For the first time in 3 months, the Chinese stock market has recorded a 3 percent increase triggered by the optimistic prospect of a comprehensive trade deal. The Dow Jones is nearing the 26,000 point mark after initiating a strong rally in the past two…
For the first time in 3 months, the Chinese stock market has recorded a 3 percent increase triggered by the optimistic prospect of a comprehensive trade deal. The Dow Jones is nearing the 26,000 point mark after initiating a strong rally in the past two weeks.
The solid movement of the CSI 300 Index, which replicates the performance of top 300 stocks in the Shanghai and Shenzhen stock exchanges, has shown that investors in Asia highly anticipate the trade talks with the U.S. to see significant progress in the weeks to come.
The Dow Jones recorded a 1.3 percent rise on February 17 and is en route to breaking out of the 26,000 point level for the first time since November.
With jobs growth and household balance sheets at record highs, the U.S. is arguably in a better position than China in any given time frame.
The growing number of defaults in China has placed more pressure on the domestic market and the authorities to achieve a deal with the U.S.
A full-scale trade agreement is crucial for both countries in the short-term as it would alleviate significant pressure from the Chinese economy and strengthen the rally of the Dow Jones and the U.S. stock market in general.
The stock market of China and the rest of Asia are recovering in a period during which the outcome of the trade deals remains uncertain.
The Trump administration has publicly expressed its intent to consider a 60-day extension on the March 1 deadline, a move that could destabilize major markets.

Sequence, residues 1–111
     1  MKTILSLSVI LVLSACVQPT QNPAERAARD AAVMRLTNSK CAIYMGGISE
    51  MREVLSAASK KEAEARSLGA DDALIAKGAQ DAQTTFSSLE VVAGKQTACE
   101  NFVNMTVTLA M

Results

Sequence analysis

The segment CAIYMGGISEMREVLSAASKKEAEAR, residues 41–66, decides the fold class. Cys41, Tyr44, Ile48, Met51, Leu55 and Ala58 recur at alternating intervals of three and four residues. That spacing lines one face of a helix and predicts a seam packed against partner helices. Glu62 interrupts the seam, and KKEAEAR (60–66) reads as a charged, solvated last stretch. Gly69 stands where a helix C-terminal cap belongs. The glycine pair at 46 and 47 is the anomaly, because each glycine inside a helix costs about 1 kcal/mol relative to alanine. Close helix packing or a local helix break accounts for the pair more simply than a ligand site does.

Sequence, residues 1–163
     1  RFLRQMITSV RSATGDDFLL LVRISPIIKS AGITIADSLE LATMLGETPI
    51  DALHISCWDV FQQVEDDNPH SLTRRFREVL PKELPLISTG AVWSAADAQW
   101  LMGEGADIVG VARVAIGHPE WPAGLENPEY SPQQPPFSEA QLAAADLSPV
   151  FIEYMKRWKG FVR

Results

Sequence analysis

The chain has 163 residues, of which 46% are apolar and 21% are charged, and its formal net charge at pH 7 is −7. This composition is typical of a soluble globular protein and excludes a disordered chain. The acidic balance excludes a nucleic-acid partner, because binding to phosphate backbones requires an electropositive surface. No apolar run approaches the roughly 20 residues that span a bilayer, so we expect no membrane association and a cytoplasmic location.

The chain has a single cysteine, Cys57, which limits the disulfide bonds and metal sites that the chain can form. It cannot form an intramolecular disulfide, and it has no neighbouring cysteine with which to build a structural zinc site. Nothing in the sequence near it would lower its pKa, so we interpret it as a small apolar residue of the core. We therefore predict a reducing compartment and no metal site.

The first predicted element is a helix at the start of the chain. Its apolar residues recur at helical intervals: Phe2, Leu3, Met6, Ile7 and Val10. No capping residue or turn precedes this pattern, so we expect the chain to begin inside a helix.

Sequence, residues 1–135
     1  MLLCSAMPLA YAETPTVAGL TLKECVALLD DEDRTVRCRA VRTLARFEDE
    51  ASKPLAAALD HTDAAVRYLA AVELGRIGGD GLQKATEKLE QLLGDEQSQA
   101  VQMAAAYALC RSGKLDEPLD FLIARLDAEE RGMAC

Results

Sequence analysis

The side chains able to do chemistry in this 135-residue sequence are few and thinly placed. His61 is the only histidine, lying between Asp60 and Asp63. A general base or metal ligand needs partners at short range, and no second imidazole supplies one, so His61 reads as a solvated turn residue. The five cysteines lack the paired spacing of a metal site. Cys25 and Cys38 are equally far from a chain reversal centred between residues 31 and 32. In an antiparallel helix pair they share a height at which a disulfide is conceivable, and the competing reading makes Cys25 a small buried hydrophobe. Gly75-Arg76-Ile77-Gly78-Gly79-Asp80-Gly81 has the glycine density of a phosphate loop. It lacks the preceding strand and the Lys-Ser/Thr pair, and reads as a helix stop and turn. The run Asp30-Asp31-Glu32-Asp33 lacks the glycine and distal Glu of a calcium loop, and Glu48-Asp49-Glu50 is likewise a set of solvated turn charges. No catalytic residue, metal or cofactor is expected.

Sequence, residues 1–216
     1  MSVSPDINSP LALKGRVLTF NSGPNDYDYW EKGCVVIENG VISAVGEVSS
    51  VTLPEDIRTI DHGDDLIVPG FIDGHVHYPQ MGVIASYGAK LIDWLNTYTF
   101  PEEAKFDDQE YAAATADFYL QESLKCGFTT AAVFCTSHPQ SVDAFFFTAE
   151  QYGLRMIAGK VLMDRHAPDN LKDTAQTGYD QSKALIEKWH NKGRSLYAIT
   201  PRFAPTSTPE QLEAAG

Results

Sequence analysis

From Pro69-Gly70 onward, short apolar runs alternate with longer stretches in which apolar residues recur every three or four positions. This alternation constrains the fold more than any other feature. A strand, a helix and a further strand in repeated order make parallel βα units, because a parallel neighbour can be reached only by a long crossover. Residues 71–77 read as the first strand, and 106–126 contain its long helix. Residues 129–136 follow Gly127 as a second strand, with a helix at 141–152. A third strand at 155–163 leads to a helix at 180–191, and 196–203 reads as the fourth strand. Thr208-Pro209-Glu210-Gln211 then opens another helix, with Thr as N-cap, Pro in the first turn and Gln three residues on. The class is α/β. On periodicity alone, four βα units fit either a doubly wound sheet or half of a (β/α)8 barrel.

However, the Chinese market has rebounded strongly in the last 24 hours, demonstrating the growing confidence of investors in the prospect of the ongoing trade talks.
Baird vice chairman for equities Patric Spencer said that the fear around the result of the trade talks has been overblown. With the newly adopted patient approach by the Federal Reserve, the executive stated that the market is in a decent place to maintain its momentum.
“The market has been worried about the China tariffs but Trump wants a deal and a lot of the fears are generally overblown. The more patient terminology from the Fed has been fairly accommodative for markets so far.”
Recently, as Admisi strategist Marc Ostwald said, investors have begun to focus on the positives over potentially negative factors that could lead the stock market to the downside.
Similarly, Direxion Investments managing director Paul Brigandi said last week that investors in the U.S. market have been trading based on momentum and the strong performance of the Dow Jones.
As such, if the trade talks with China continue to show progress in certain areas, the near-term rally of the Dow Jones and the rest of the U.S. market could be sustained.
“Momentum is a key component right now. A lot of people are jumping in to get on board,” he said.
The stalemate in the trade discussions with China seems to derive from the requests of the U.S. on fundamental changes to the structure of the Chinese economy.
The U.S. government has reportedly asked Chinese negotiators implement significant changes in the country’s industrial policies.
Despite the speed bump in the U.S.-China trade talks, the optimism stems from the intent of both countries to move forward with the discussions without imposing additional tariffs or restoring previous tariffs.
Most of the positive movements in the stock market of the U.S. and China are fueled by the certainty of investors that while the trade deal could be pushed beyond the original deadline, the two countries are not in a rush to impose higher tariffs in the short-term.